On November 3, 2021, the Supreme Court heard oral arguments in New York State Rifle & Pistol Ass’n v. Bruen, a Second Amendment case challenging New York’s concealed carry licensing system. The justices’ questions focused not only on who may obtain a license to carry a firearm in public, but also where those with a license may or may not bring their weapons. These questions acknowledged that the Court’s decision in District of Columbia v. Heller provided a carveout for firearms restrictions in “sensitive places,” providing “schools and government buildings” as just two examples. In the fourteen years since Heller, state and federal courts have upheld firearms restrictions in a number of locations under the sensitive places doctrine. However, in anticipation of a wave of sensitive places litigation following the Bruen decision, several conservative scholars now seek to limit the doctrine to only those locations protected by strict government security measures, such as metal detectors and security guards. This article demonstrates that such an approach is inconsistent with our nation’s history of regulating public carry and both historical and present-day case law, including Heller.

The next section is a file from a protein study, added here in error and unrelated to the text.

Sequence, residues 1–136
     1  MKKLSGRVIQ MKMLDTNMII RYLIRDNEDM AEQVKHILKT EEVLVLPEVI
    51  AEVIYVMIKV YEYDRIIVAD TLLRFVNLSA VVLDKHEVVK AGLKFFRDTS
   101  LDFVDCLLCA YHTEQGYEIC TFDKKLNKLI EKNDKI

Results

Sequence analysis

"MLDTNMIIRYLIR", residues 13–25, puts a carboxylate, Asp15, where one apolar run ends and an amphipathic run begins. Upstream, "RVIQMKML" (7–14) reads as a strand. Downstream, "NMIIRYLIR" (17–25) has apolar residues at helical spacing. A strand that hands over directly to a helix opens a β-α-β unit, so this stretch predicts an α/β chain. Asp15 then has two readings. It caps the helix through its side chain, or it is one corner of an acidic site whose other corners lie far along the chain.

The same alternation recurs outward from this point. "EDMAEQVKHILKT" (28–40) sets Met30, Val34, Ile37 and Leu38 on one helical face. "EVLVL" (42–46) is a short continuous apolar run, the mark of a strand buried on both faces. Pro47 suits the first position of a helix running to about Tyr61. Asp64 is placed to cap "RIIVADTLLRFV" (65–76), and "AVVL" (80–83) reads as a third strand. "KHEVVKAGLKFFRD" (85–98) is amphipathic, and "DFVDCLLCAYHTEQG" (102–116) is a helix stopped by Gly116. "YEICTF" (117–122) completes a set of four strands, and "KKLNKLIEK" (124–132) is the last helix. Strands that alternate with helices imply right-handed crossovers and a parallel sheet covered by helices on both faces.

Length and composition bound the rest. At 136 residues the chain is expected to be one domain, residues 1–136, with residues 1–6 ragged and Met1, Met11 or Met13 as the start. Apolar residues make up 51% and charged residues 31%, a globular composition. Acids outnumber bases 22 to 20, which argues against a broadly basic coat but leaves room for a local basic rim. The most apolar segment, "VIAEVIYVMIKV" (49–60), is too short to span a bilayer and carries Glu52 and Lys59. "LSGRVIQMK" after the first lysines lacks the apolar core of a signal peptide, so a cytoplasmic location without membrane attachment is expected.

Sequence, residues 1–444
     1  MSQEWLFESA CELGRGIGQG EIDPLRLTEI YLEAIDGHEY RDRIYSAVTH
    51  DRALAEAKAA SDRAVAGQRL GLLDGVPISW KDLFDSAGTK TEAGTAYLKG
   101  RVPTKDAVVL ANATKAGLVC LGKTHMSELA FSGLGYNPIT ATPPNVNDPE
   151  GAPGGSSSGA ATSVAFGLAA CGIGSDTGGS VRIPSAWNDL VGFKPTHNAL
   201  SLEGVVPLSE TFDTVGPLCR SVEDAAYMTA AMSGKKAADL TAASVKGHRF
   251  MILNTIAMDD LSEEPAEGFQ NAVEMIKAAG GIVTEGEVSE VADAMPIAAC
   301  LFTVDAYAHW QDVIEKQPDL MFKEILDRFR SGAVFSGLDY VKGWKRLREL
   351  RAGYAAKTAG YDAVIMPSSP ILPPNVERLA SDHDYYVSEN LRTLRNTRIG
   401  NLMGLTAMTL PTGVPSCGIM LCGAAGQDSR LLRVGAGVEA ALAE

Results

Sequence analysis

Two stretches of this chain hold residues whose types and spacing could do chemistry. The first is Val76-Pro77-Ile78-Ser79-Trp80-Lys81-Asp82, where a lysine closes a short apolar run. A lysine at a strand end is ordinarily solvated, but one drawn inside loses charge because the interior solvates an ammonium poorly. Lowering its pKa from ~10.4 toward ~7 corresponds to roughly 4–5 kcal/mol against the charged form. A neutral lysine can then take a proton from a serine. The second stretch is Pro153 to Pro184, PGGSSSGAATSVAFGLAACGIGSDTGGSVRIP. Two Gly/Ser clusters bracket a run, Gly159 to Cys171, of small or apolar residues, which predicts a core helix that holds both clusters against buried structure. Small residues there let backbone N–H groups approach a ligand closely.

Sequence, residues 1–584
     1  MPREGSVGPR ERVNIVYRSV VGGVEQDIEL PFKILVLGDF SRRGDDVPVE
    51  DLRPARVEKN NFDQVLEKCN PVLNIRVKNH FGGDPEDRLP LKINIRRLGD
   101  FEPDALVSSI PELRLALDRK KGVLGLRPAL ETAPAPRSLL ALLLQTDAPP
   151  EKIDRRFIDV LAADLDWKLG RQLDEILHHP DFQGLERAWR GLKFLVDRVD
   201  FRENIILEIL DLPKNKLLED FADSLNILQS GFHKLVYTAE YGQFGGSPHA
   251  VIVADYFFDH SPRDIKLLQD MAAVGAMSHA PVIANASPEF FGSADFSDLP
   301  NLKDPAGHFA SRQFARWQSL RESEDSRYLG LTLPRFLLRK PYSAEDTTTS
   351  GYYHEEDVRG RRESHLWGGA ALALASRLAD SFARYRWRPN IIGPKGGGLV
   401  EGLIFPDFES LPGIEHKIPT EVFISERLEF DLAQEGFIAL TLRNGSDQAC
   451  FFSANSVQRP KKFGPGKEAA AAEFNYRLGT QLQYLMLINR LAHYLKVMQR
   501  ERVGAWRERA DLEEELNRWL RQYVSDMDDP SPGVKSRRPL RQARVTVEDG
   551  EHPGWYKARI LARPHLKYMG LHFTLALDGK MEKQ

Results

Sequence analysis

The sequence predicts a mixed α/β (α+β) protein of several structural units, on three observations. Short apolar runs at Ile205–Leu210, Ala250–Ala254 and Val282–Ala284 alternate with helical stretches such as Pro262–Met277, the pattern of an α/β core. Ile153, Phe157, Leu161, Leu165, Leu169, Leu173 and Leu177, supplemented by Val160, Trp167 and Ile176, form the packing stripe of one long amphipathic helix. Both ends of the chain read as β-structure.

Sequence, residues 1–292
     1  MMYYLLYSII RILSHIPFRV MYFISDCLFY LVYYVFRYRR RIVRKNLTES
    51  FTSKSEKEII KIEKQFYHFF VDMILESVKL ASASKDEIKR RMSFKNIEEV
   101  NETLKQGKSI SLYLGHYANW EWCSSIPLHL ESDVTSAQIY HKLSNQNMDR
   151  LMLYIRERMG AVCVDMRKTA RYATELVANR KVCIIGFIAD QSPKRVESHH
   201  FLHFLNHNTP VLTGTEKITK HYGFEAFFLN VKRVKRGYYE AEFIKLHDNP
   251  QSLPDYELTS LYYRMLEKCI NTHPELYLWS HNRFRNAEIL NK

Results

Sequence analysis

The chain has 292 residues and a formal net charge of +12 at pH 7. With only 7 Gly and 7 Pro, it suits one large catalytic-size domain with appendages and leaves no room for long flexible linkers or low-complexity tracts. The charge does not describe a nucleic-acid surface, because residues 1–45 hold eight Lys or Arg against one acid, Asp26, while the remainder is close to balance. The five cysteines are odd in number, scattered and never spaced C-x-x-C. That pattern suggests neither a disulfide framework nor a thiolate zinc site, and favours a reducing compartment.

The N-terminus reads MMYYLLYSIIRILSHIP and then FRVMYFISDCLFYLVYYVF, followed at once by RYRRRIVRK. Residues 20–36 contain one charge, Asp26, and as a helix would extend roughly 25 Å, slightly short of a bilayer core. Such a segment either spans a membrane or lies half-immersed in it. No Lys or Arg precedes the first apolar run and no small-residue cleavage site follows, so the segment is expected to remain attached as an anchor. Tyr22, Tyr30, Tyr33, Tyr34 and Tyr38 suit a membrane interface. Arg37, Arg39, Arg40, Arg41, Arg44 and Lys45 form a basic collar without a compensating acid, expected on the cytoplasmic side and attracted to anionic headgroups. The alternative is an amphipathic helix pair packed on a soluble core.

Supreme Court of the United States
- Journal title
Boston College Law Review
- Date submitted
7 September 2022